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Tag: Alternative dispute resolution

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Cognitive biases: challenging the way we think

Cognitive biases: challenging the way we think

Cognitive biases play a vital part in our daily decision-making processes. Due to the complexity of our brains, there is much contention surrounding how many cognitive biases there actually are. The number sits between 50 and 150 – all contributing to our everyday thinking. The five focused on in this…
Cognitive biases: challenging the way we think

Cognitive biases: challenging the way we think

We may think we are rational, open-minded thinkers making ethical decisions in an objective, non-biased fashion. However, this is almost impossible. No matter how intelligent we believe we are, we are all susceptible to a swarm of cognitive biases. Our decisions are often shaped by emotional attachments, misleading memories or…
Dispute prevention: using mediation as a business tool

Dispute prevention: using mediation as a business tool

In Part 2 we will look at some practical examples of this concept at work. I would recommend reading “Tailored Commercial Mediation Options: What are they, and how can a sceptical market be encouraged to try them?”, a paper presented to the 2015 AMINZ annual conference by barrister and commercial…
How to pick a mediator

How to pick a mediator

Most lawyers, and some clients, get the potential benefits of mediation. Cost/time saving, stress reduction, relationship preservation, confidentiality, blah blah blah. But once the decision has been made to go to mediation, how to find a mediator? And not just any mediator – the right one for that dispute? What follows…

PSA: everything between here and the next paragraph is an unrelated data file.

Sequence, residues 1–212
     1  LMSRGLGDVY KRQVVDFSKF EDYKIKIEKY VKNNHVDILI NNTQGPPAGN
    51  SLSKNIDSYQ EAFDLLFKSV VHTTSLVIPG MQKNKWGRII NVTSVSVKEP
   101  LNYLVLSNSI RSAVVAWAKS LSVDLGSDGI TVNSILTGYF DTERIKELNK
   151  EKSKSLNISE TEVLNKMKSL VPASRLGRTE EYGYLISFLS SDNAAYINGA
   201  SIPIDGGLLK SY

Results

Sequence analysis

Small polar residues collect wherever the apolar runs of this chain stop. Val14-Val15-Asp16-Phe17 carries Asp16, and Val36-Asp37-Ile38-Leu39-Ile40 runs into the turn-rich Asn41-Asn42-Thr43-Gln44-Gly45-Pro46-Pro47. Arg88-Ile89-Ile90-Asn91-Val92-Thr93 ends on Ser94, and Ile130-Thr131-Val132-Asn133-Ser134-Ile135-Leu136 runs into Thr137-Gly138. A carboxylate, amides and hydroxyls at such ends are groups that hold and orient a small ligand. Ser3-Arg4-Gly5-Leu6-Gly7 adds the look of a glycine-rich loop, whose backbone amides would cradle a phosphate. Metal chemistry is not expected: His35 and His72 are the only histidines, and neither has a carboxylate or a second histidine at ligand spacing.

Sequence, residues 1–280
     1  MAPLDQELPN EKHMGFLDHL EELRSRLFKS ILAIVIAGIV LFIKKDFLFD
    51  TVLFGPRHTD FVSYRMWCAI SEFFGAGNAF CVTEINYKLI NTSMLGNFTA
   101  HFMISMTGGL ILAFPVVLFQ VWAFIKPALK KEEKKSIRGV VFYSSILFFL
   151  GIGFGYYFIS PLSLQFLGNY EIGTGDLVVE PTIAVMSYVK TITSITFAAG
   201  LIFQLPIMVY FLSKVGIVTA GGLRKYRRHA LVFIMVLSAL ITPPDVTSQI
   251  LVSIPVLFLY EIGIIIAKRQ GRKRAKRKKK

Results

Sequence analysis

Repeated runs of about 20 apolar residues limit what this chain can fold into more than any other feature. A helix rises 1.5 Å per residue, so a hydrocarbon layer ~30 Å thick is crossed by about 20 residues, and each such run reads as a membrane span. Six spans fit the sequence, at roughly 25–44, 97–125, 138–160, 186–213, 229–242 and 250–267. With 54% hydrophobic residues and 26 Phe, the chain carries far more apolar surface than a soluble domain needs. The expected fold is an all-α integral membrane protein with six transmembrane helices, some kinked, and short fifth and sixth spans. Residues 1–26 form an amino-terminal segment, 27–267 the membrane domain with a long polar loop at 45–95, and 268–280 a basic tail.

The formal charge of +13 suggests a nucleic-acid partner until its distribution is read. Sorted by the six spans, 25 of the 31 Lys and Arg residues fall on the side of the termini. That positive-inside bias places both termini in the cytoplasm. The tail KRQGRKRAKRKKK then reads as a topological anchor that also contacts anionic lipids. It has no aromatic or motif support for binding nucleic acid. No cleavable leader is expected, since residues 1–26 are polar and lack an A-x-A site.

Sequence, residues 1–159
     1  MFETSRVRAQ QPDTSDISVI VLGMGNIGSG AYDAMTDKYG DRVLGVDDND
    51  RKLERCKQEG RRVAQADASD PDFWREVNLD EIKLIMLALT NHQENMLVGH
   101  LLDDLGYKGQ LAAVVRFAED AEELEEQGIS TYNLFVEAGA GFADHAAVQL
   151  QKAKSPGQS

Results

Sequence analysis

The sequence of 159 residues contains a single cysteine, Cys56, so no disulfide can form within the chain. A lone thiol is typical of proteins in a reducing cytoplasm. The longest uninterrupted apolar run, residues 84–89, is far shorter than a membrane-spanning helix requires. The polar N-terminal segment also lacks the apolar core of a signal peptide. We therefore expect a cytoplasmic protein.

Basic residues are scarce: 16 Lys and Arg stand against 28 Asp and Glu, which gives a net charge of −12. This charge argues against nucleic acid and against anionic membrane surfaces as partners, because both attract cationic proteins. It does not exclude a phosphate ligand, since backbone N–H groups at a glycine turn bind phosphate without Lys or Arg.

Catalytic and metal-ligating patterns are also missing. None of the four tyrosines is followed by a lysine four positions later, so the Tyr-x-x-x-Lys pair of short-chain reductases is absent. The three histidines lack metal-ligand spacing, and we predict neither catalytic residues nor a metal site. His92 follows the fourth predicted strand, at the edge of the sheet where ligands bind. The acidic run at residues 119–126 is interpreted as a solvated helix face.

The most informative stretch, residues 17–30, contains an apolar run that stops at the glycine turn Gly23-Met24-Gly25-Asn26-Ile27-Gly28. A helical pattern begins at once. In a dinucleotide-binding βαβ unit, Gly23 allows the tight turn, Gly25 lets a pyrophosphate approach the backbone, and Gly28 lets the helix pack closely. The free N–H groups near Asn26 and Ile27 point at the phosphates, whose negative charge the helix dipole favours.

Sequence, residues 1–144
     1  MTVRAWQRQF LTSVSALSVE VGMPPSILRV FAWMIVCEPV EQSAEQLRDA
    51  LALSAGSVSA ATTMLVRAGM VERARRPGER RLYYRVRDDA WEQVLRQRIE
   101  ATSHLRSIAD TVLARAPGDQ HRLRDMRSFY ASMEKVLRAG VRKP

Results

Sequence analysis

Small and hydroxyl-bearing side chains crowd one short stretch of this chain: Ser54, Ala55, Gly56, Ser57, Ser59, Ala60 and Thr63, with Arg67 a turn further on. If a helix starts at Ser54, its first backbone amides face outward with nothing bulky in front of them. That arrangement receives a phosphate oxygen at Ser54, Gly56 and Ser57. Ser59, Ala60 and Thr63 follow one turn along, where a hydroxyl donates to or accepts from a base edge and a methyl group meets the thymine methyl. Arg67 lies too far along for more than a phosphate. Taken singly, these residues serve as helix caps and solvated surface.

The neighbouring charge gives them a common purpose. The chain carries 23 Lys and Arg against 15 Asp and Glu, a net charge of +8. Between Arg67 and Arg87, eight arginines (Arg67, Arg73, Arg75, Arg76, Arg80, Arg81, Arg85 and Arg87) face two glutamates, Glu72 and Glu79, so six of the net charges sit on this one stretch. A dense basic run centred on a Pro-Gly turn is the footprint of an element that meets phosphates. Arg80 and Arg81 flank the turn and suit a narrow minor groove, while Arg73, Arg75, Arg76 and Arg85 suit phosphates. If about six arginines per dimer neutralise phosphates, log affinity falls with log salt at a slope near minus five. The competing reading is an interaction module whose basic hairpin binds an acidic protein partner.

Families at war (and not in the Family Court)

Families at war (and not in the Family Court)

As lawyers, we often receive instructions from clients who are in dispute with family members. This could be about a variety of issues, from disputes over distribution of estates, to fallings out over joint business enterprises. How do we, as lawyers, actually help such clients? Sure, we can provide legal advice…
Dispute prevention: Using mediation as a business tool, Part One

Dispute prevention: Using mediation as a business tool, Part One

“We are used to thinking about competitions in which there is only one winner… But the world is not really like that… The key to doing well lies not in overcoming others, but in eliciting their cooperation.” – Robert Axelrod Mediation is often effective if the parties can engage in person…
Consensus Building, Part 5: Reaching agreement and holding the parties to it

Consensus Building, Part 5: Reaching agreement and holding the parties to it

In this final article on the Consensus Building Approach (CBA) to dispute resolution we look at the last two steps in the process: reaching agreement and implementation – holding the parties to the commitments that they have made. Too often participants are focused only on getting to an agreement so…
Consensus Building, Part 4: How to solve the problem

Consensus Building, Part 4: How to solve the problem

Well done – to get this far you have identified the opportunity for consensus building, got the key stakeholders on board and identified the main issues. But now your first meeting is about to commence, and you are concerned about how you are going to hold all of this together. Adopting…
Intellectual Property and Alternative Dispute Resolution

Intellectual Property and Alternative Dispute Resolution

This article is about why alternative dispute resolution (ADR) methods, such as arbitration, expert determination, and mediation, are so apt for intellectual property disputes, and how we in New Zealand could improve in this field. The American humourist Ambrose Bierce described a lawsuit as: “A machine which you go into as…
Consensus Building, Part 3

Consensus Building, Part 3

A Consensus Building Approach (CBA) is only as good as its participants. In a majority rules process there are few players and most of them take a passive role. Take our parliamentary process as an example: the Speaker of the House is the in-house rules expert determining whether parliamentarians are working…
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